Poly (ethylene glycol) as a sensitive regulator of cell survival fate on polymeric biomaterials: the interplay of cell adhesion and pro-oxidant signaling mechanisms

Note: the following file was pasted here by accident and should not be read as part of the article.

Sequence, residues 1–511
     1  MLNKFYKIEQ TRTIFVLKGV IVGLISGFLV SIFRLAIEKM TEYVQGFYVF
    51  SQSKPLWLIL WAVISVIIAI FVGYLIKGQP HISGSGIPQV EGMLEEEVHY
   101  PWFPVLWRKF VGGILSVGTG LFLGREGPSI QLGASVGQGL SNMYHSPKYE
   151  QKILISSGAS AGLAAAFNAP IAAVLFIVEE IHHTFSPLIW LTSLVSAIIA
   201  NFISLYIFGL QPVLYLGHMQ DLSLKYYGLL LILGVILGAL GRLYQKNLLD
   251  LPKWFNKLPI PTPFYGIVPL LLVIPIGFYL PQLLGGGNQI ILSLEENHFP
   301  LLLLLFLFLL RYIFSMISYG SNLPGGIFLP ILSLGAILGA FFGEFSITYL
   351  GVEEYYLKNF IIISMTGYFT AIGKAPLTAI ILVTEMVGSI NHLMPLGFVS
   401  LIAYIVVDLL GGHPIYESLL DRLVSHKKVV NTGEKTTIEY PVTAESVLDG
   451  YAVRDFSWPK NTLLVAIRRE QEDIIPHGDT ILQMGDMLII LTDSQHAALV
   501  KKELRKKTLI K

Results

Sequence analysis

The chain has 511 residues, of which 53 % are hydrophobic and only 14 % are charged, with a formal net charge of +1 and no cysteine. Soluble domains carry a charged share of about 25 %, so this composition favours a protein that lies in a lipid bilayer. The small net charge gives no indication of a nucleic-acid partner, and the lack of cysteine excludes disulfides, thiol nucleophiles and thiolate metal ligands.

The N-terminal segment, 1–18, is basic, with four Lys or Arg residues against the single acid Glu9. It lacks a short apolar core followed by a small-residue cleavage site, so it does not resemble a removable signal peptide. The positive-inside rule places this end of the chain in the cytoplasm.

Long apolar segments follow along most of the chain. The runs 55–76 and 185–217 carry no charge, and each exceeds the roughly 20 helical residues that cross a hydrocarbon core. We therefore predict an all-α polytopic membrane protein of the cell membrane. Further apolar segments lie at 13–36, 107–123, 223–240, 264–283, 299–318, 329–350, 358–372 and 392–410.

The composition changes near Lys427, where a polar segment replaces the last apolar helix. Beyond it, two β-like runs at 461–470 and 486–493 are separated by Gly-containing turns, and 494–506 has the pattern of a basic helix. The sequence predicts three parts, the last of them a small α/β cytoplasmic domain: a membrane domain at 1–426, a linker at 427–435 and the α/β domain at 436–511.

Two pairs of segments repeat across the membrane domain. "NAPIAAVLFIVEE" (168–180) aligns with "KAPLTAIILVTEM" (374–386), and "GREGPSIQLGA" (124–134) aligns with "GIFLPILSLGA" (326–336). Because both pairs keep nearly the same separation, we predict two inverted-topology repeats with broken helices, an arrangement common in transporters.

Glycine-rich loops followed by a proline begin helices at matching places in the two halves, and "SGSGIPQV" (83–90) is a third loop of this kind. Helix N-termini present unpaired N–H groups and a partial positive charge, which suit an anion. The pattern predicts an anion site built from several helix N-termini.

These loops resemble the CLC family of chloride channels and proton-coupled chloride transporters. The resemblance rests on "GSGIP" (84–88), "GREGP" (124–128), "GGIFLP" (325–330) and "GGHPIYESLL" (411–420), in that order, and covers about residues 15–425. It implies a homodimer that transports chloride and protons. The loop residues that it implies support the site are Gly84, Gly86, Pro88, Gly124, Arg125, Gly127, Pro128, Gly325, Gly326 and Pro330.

Poly(ethylene glycol) (PEG) is one of the most widely used compounds across a variety of platforms and is increasingly found in medical applications. Polycarbonates containing varying mol% of PEG (Mw 1000) were used to probe the effects of PEG on cell adhesion, proliferation, spreading, and survival. Two contrasting PEG-mediated cell signaling elements affected these cellular behaviors: (i) integrin α5 receptor mediated cellular focal adhesions to the biomaterial surface and (ii) modulation of cellular redox and apoptosis through generation of reactive oxygen species (ROS). At lower PEG1k mol% (5% and 8%) cell attachment and spreading decreased concomitantly due to ROS, whereas at the higher PEG1k mol% studied (10% and 20%) an unusual super-adhesive behavior was observed. At higher PEG1k mol% cells exhibited greatly enhanced spreading, which was confirmed through immunolocalization of integrin α5 receptors and enhanced mRNA expression of the integrin α5 gene. These cellular responses on higher PEG1k mol% co-polymers were sufficient to overcome the ROS-driven effects on caspase activation and cell shrinkage, which dominated at lower PEG1k mol%. These studies elucidate PEG-mediated cellular signaling with the implication that the adhesion and apoptotic activity of PEG-rich materials can be sensitively controlled by anti-oxidant addition. Moreover, this study shows that biomaterials can drive the cell fate in opposing directions through concurrent property changes.